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In defending what he calls ‘full-blooded Epicureanism’, James Stacey Taylor argues that the dead cannot be harmed or wronged.1 This has implications for a range of bioethical issues pertaining to death, including posthumous organ procurement. Taylor claims that respecting the autonomy of persons requires that their desires regarding the treatment of their postmortem bodies be given due consideration while these persons are alive. It is not obvious what this means in practical terms, though Taylor says that respect for autonomy requires that these wishes be recorded with the intention that they be followed. Yet if respect for autonomy only applies to the wishes of premortem persons, and if there are no posthumous harms or wrongs, then it is not clear why it would matter morally whether one's wishes about what to do with one's organs were fulfilled or thwarted after one's death.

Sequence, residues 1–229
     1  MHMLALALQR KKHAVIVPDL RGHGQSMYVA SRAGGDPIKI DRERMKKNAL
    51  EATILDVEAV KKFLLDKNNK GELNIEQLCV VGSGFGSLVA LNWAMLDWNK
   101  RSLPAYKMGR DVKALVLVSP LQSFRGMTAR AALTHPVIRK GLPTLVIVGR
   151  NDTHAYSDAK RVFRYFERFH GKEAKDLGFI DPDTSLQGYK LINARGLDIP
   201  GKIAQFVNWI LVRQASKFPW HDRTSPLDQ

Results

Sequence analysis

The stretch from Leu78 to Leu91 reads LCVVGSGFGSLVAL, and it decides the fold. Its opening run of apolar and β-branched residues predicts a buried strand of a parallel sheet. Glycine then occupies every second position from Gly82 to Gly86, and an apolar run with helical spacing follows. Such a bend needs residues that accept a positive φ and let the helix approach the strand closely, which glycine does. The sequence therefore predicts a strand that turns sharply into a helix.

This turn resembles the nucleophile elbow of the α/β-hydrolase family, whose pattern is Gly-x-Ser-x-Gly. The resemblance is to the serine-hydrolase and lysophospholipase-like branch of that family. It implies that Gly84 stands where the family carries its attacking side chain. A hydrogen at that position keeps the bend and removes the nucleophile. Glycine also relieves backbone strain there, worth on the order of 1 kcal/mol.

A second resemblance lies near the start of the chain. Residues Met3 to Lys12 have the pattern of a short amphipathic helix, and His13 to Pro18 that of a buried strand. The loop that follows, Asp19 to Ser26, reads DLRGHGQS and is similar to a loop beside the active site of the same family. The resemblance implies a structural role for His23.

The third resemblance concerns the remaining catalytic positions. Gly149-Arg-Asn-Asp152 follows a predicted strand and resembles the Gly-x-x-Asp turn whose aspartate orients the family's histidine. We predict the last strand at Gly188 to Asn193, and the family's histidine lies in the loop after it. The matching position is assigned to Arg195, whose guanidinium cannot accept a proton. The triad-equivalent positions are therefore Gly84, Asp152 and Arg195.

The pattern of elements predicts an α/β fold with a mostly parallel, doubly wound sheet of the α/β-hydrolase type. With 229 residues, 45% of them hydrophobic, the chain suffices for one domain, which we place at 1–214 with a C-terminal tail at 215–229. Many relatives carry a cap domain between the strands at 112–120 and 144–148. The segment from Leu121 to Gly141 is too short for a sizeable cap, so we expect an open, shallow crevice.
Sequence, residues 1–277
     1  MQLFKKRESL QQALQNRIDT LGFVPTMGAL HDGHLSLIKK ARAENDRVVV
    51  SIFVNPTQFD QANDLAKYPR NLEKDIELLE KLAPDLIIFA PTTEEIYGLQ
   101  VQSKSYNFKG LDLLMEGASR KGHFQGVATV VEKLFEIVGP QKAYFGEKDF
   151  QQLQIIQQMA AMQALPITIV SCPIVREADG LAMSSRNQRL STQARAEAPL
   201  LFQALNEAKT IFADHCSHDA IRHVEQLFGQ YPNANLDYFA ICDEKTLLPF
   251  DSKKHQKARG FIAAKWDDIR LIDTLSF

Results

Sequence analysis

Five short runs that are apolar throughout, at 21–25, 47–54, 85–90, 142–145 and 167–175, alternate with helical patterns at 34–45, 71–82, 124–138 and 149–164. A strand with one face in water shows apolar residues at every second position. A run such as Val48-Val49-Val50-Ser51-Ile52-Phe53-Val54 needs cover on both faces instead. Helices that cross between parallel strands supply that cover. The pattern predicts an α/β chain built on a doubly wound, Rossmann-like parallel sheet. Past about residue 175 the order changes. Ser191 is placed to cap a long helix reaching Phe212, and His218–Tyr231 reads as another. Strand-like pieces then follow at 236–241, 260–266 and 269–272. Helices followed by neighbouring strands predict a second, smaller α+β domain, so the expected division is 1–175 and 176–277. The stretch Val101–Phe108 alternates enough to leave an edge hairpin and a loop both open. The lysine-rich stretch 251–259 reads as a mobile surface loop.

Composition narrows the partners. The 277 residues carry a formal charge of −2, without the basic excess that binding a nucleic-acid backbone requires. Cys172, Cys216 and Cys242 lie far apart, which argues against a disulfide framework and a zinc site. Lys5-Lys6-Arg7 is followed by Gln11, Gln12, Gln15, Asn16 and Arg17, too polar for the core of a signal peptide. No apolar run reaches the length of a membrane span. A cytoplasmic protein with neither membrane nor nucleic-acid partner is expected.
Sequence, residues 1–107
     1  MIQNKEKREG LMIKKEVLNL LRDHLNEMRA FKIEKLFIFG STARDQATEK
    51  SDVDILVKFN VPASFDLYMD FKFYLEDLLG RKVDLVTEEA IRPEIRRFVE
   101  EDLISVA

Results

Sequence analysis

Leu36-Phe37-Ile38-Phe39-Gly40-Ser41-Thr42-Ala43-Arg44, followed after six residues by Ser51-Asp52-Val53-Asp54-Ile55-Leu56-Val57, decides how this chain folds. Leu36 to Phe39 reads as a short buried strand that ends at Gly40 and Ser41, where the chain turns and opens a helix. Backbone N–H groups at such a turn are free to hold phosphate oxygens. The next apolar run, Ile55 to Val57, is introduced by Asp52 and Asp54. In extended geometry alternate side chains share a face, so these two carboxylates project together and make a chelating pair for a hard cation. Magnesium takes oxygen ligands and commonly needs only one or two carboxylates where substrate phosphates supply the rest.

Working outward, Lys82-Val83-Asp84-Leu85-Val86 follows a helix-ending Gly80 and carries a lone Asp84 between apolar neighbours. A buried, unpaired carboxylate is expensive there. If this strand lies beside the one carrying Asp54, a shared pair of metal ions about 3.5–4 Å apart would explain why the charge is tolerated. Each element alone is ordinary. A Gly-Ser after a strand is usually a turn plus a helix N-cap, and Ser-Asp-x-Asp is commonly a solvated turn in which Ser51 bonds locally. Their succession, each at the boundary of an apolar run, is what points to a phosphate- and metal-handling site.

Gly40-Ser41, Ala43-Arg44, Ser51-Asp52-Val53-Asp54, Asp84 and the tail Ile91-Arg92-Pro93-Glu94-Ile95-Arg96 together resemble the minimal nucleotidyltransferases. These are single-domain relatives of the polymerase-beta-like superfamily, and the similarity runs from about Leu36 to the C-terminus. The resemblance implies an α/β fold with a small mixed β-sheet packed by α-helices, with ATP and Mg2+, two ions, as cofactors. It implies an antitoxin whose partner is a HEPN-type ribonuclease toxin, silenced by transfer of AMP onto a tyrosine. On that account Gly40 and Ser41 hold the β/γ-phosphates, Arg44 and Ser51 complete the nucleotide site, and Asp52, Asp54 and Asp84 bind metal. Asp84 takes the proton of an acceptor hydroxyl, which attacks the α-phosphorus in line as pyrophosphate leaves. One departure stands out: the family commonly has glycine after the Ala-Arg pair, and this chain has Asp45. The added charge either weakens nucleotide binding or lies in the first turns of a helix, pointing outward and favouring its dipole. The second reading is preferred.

Most of us have an interest in what happens to our bodies not just during our lives but also after our deaths. Personal sovereignty and autonomy give persons a right to control what happens to their bodies, and since the body …
Competing interests None.
Provenance and peer review Commissioned; internally peer reviewed.